Google employees protest plans for Chinese censored search engine | News | DW | 17.08.2018
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Google employees protest plans for Chinese censored search engine

A letter signed by employees reminded Google's leadership that a censored app for China breaches its own code of ethics. Only a few hundred of the 88,000 employees have been given information on the project.

According to online news site The Intercept, more than 1,000 employees of Google have signed a letter demanding that the company come clean about an alleged secretive search engine it is building for use in China. The app is said to comply with Chinese government censorship guidelines.

The search app would ban information related to human rights, democracy and religion. These are topics that the government censors through China's so-called Great Firewall.

A Google employee, who requested anonymity and who admitted to taking part the protest, confirmed the letter's existence and its contents, DPA news agency said. Google has so far refused to comment on the matter.

Read more: China's internet crackdown reaches new level of restriction

The letter reportedly calls on executives to review ethics and transparency at the tech giant. Employees complained that most of them found out about the project, which has been nicknamed "Dragonfly," through media reports.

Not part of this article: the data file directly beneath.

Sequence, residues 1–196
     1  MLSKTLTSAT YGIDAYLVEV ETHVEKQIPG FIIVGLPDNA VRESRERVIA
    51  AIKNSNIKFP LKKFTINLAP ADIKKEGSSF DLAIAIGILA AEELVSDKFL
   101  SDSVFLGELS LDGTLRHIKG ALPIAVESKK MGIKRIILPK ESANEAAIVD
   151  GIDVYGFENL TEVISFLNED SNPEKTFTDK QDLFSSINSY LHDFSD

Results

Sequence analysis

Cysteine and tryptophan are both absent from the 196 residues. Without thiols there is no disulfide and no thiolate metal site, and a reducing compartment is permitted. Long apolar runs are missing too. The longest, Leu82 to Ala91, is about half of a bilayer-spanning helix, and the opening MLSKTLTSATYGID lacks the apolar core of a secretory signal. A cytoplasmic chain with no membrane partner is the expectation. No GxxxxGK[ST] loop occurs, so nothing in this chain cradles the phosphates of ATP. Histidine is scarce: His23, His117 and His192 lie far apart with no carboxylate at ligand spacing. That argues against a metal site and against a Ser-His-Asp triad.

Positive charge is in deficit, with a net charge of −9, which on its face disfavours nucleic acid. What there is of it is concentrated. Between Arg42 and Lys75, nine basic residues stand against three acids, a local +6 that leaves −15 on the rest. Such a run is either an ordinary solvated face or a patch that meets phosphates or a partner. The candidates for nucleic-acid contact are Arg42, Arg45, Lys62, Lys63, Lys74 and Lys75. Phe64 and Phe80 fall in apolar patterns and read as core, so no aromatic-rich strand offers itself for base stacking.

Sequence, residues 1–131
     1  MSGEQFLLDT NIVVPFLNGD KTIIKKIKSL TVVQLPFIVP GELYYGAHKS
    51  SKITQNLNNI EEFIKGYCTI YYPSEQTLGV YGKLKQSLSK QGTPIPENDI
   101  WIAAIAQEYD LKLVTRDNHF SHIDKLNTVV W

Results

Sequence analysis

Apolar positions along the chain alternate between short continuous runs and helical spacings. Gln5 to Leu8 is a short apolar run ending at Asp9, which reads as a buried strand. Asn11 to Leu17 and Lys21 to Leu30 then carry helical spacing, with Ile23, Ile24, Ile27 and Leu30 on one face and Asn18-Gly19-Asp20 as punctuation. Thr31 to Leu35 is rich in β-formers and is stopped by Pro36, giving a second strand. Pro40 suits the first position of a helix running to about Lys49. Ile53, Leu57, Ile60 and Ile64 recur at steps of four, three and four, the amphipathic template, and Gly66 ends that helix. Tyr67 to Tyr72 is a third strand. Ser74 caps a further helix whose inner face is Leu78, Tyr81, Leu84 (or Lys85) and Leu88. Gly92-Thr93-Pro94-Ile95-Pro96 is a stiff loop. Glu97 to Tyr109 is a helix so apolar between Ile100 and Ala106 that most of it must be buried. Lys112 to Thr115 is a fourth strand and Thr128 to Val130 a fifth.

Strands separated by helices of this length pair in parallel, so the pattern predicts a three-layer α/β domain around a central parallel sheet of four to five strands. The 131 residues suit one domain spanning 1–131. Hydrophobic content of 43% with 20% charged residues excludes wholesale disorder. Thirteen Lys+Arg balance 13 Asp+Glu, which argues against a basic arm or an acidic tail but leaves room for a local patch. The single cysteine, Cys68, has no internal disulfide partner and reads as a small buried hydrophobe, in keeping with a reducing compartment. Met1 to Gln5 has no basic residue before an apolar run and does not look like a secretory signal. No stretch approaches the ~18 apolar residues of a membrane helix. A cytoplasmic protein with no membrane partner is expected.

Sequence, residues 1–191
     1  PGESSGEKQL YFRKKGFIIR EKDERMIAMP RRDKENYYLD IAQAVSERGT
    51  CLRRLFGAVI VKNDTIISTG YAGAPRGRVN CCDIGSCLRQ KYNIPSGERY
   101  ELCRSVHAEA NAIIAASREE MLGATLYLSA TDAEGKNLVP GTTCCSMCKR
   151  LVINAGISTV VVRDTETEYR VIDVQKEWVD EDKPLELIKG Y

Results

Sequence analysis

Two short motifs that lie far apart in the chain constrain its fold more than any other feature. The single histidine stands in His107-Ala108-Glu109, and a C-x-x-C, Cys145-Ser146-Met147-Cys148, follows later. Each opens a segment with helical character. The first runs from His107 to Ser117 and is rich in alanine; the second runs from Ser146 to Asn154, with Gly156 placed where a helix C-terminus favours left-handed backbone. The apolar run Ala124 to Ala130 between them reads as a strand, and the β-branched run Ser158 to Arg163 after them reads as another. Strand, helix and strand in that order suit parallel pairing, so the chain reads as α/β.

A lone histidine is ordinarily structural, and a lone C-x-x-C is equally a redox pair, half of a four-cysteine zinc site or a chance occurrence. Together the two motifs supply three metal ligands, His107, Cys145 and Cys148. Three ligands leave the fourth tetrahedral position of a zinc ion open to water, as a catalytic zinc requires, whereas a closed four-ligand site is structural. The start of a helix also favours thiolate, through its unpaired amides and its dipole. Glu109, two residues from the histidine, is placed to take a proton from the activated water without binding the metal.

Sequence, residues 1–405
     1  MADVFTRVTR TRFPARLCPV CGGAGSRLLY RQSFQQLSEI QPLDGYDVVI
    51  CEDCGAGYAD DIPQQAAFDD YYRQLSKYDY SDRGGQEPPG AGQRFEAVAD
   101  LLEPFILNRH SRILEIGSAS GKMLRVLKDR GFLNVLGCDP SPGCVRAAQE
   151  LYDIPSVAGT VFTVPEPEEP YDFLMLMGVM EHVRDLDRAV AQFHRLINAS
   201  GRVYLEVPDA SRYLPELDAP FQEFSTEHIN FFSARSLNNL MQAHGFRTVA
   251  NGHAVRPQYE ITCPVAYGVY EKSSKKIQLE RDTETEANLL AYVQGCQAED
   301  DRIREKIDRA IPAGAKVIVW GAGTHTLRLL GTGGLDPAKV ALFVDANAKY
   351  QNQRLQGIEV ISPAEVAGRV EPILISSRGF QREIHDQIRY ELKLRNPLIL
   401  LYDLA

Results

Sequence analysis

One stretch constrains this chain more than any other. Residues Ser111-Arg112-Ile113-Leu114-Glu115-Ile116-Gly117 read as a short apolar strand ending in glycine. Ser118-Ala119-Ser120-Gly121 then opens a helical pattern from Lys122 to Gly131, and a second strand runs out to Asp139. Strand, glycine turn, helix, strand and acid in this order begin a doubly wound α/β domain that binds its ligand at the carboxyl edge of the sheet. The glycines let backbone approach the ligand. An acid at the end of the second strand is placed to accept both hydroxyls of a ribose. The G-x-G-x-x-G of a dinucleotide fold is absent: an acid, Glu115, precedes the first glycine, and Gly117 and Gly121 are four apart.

"We urgently need more transparency, a seat at the table, and a commitment to clear and open processes: Google employees need to know what we're building," the letter read.

Only a few hundred of 88,000 employees at Google have been informed of the secret project, The Intercept claims.

Employees urged the internet giant's leadership to recognize a "code yellow situation," an internal alert that signifies a crisis, The Intercept reported. They said the plans could be in violation the company's ethics code, which bars it from building or deploying technology that violates human rights.

"Currently we do not have the information required to make ethically informed decisions about our work, our projects, and our employment," the letter read.

Read more: Sieren’s China: Internet blockade only hurts China

Google has faced China's censorship before when it withdrew from the country in 2010 in response to its censorship norms. But recently, the tech giant has made inroads in the Chinese market.

China currently has the world's largest online market, with 772 million internet users.

jcg/sms (dpa, AP)

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